- In 2023, the US issued sanctions against Spacety China for providing the Russian military with satellite surveillance imagery of Ukraine, The US also sanctioned Chinese companies for providing technology to Iranian drone manufacturers which, in turn, supplied the Russian military.
- Following incursions by Chinese spy balloons into US airspace in February 2023, the US sanctioned several Chinese aviation and technology companies. The sanctions banned the export of parts and technologies, including valuable computer chips, from the US.
- In April 2023, the US also imposed sanctions on entities within China for supplying chemicals used in the production of fentanyl by Mexican drug cartels.
- In May 2023, the EU proposed a new sanctions package against 7 Chinese entities in response to their support for the Russian invasion of Ukraine.
China’s Sanctions Programme
It’s important to remember that China has also implemented its own sanctions programme to counter Western measures. China sets out its sanctions targets in the Unreliable Entity List (UEL), which was introduced in 2019 and is administered by the Ministry of Commerce (MOFCOM).
China has designated numerous Western targets on the UEL, focusing predominantly on US, UK, EU, and Canadian politicians. Recent designations on the UEL followed Western sanctions imposed in response to the Hong Kong democratic protests and the oppression of Uyghur Muslims, but China has signalled that it may expand its measures to counter new geopolitical pressures.
In 2022, China imposed sanctions against a number of Taiwanese officials following a visit by US House Speaker Nancy Pelosi, and followed up in 2023 with a second round of sanctions, which included Taiwan’s de-facto ambassador to the US. There are also indications that China will retaliate against US tech sanctions by placing sanctions on the export of certain technical components alongside some biotechnology.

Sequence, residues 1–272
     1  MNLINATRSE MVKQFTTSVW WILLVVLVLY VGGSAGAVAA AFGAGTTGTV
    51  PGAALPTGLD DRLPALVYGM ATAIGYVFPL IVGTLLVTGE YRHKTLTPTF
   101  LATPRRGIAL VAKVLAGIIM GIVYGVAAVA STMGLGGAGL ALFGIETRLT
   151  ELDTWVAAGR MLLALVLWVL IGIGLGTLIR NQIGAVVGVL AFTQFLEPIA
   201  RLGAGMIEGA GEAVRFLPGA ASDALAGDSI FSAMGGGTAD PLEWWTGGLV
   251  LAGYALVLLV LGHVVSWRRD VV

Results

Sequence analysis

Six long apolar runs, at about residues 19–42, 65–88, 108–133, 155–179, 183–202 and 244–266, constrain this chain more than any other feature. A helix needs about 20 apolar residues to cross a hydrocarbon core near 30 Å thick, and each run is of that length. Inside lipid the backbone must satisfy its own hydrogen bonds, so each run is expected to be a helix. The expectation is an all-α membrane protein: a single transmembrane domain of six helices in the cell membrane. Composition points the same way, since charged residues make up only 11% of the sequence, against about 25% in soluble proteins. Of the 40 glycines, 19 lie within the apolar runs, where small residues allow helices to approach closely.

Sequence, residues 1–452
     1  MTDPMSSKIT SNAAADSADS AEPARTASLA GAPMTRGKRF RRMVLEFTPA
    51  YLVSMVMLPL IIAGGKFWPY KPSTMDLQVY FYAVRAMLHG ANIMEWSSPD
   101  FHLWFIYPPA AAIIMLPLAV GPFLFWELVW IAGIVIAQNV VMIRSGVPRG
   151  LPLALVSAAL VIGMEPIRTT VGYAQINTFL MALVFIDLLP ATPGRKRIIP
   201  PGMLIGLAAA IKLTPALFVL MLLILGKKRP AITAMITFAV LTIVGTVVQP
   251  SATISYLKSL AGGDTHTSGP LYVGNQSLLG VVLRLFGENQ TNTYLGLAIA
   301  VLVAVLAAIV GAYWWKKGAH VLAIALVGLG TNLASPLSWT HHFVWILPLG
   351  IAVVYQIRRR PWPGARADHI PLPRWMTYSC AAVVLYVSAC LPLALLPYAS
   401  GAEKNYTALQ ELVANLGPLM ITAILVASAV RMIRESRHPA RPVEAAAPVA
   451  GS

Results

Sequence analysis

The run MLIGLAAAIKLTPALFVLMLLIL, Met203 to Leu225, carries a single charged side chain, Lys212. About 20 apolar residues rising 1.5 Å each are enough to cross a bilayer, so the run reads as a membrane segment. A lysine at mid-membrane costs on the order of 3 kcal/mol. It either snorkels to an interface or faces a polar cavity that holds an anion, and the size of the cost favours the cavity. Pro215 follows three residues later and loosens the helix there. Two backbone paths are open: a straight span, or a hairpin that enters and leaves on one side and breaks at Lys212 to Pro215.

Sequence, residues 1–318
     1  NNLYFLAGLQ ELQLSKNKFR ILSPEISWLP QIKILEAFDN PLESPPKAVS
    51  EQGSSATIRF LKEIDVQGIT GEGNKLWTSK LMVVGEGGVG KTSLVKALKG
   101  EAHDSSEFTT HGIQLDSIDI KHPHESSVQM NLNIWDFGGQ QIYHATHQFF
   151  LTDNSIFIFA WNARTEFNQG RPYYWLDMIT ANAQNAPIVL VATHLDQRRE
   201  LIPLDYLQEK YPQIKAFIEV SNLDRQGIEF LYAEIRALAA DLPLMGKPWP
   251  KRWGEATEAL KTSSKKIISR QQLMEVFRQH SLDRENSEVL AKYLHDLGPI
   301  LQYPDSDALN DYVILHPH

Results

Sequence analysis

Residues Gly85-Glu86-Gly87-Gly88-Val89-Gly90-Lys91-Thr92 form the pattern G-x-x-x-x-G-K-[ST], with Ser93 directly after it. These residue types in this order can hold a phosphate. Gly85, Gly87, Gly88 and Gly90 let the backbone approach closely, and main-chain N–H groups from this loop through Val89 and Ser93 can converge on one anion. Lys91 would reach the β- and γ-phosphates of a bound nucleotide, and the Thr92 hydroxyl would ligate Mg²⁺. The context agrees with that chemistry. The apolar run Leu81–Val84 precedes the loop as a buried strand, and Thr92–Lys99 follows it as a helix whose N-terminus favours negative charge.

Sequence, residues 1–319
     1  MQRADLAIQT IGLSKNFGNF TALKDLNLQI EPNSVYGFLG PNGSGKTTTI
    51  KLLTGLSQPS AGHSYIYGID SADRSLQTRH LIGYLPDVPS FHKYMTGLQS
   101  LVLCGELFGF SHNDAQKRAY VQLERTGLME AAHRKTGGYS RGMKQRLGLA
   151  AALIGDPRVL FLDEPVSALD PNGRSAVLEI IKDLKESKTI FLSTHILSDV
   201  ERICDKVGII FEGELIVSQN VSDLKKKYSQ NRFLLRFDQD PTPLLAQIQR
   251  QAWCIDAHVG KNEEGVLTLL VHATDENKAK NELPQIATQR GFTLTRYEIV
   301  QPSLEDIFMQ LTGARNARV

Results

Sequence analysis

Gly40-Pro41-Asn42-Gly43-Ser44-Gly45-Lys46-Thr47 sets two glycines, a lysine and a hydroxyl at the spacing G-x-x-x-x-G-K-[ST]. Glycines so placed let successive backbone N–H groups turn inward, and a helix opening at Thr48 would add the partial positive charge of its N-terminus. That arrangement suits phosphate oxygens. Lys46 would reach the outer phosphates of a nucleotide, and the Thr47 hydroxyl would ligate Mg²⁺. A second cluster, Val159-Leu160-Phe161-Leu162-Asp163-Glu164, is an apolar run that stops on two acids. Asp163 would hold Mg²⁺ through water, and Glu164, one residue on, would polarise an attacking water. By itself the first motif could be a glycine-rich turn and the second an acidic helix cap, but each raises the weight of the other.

The Future of China Sanctions
Xi Jinping’s support for the war on Ukraine will continue to have a significant effect on China sanctions programmes. In addition to the EU’s proposed sanctions, it is likely that the US will broaden its ban on the export of technologies to China, with a continuing focus on the export of microchips and semiconductors. The US may also broaden the scope of sanctions to more Chinese business entities, to capital flows into China, and to other Chinese industries, including biopharmaceuticals and medical software, both of which rely heavily on US intellectual property.
While the US typically has the capacity to act unilaterally against China, it is likely that other countries, including the EU, will adjust their sanctions posture depending on the outcome of geopolitical events – including the war in Ukraine, and the Chinese government’s treatment of Taiwan.
China’s position on Taiwan will be a significant factor in any future Western sanctions. While Taiwan has been governed independently since 1949, China has made clear that it intends to eventually bring the island under its full administrative control. To that end, China has engaged in recent actions to emphasise that objective, including military provocations against Taiwan and its Western allies, and issuing sanctions against high profile individuals who undermine China’s claim.
Any escalation of those actions may lead to conflict between China and Taiwan, and would force Western governments to impose new sanctions. In the wake of the coordinated action against Russia, it’s likely that new sanctions against China will be severe, and have a similar impact on Western businesses, affecting much of the industrial landscape and creating a significant new compliance burden.